Well, I think that’s it, I decided not to talk about the non-linear editing and stuff, I think we can all make the mental effort to tell us the tale chronologically. Besides I think that’s not the point of the story, but this reflection on the nature of conflict and decisions, something like “making good decisions leads you out of conflict”. Now, for this Quentin Tarantino (the one from 1994) it seems that making good decisions has to do with factors external to the individual, a completely religious look that is closer to the youth free of pessimism and that puts him strangely on par with contemporaries like Richard Linklater. Anyway, I think Quentin Tarantino is a person very studious of literary techniques, which is strange because he keeps saying he didn’t go to film school, but it’s obvious that he has studied a lot of narrative, I also want to say, to finish, that in narrative seems to be a general idea that existence is mostly out of control for the characters, is this a product of the narrative action? I am referring to the process of writing a story. Or is it an acute reflection on the nature of conscious existence?


Through Boyhood, filmmaker Richard Linklater not only shows us in a consistent way the process of childhood towards the end of adolescence, but also manages to build a story full of conflicts and obstacles demonstrating not only his mastery in storytelling but also using these devices as a showcase of how these obstacles both impede and advance human life towards self-knowledge and discernment of a very simple premise, no one knows what they are really doing!

I’ m sure that if I were at the box office of a movie theater and someone asked me, “Do you want to see a movie about the development of a child from infancy to late adolescence? My immediate response would be “but there’s another one about dinosaurs that shoot laser beams out of their eyes!”. How wrong would I be!!! Well I don’t know actually, that laser dinosaur movie sounds good! What I mean is that perhaps the process of a child growing up is not a very interesting tagline from an advertising point of view, neither is this idea of shooting a movie over the course of 12 years, at least not for me initially (although the film it’s certainly a titanic and beautiful achievement). I would even go so far as to say that Linklater has gone beyond the typical American flick on so many levels that the average pop corn devourer may find no way to connect with this story. Themes such as abusive parents, an unstable home, drugs and alcohol as social anesthesia, and the search for identity abound in the 2 hours and 46 minutes of this monumental portrait of the life of an ordinary, but intensely special kid.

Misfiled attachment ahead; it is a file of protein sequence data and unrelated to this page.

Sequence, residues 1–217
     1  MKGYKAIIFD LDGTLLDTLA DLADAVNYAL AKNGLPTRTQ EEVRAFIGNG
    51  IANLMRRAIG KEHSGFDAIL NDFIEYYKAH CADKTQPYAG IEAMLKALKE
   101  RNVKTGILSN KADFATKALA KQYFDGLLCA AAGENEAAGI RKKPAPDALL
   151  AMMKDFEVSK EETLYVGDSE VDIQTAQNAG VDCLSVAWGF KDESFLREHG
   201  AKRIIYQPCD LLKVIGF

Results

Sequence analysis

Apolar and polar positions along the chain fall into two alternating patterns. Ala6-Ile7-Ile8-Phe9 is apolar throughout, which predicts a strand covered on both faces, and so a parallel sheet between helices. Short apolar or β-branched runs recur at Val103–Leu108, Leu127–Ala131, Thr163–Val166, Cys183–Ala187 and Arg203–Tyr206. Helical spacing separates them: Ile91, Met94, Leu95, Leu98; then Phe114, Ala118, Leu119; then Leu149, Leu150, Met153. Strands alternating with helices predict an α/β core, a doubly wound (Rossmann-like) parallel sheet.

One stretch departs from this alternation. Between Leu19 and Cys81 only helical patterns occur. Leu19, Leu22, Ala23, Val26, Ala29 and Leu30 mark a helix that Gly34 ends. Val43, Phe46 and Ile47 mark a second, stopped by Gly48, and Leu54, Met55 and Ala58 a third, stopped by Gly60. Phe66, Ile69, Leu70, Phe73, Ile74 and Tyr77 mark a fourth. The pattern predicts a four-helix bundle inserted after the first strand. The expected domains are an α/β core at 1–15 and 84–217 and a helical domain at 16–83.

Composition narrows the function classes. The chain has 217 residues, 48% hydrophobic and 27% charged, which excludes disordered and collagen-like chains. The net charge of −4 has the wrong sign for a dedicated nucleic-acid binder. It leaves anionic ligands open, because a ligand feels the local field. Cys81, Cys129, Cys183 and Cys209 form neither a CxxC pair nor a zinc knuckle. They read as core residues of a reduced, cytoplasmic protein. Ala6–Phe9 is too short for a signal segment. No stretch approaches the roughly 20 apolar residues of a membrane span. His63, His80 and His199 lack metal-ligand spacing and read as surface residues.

Characters abound in this story, but let’s go with the main ones, the nuclear family composed of Mason (Ellar Coltrane) and Samantha (Lorelei Linklater) who are the children of Olivia (Patricia Arquette) and Dad (Ethan Hawke). Apparently Ethan Hawke’s character doesn’t have a name, LOL. The film starts with the breakup between the two parents, mostly because Dad still prefers to hang out with friends and have a good time, while Olivia is more concerned with being with her kids. This leads to a time lapse where Dad completely disappears from the lives of the children and Olivia, a crucial moment for the rest of the story, as it deeply impacts with the initial desire of Mason, the main character of the film, which is to live with his father and mother together. From the very beginning we see how Mason’s wishes are cut short again and again because of this breakup. Forced to leave his home and his first friend without even being able to say goodbye. Being forced to live with a surrogate father, a violent alcoholic who ends up beating his mother and provoking a second breakup (and then a third) that will bring us closer to one of the most important revelations at the end of the film, that life is very much about letting go.

The form of the conflict is simple in concept, Mason is a child who cannot do what he wants, he is forced to follow the orders of parents, grandmother, teachers and all kinds of adults who impose again and again a truth over his own, the one he saw clearly in the first sequence of the film and that he recovers and reaffirms in the last sequence, that life is only the present and that there is no control over it, but the other way around. In this sense it is extremely interesting the dramatic construction that leads us to this last self revelation of the character, especially because during the first half of the film Mason simply suffers because of others while he finds spaces where to be himself, essentially spaces free of adults. At the same time, adults appear as imposing beings in need of attention, especially characters like Mason’s father, but also some teachers and even some older kids, trying to lecture younger kids and inevitably delivering lousy advice.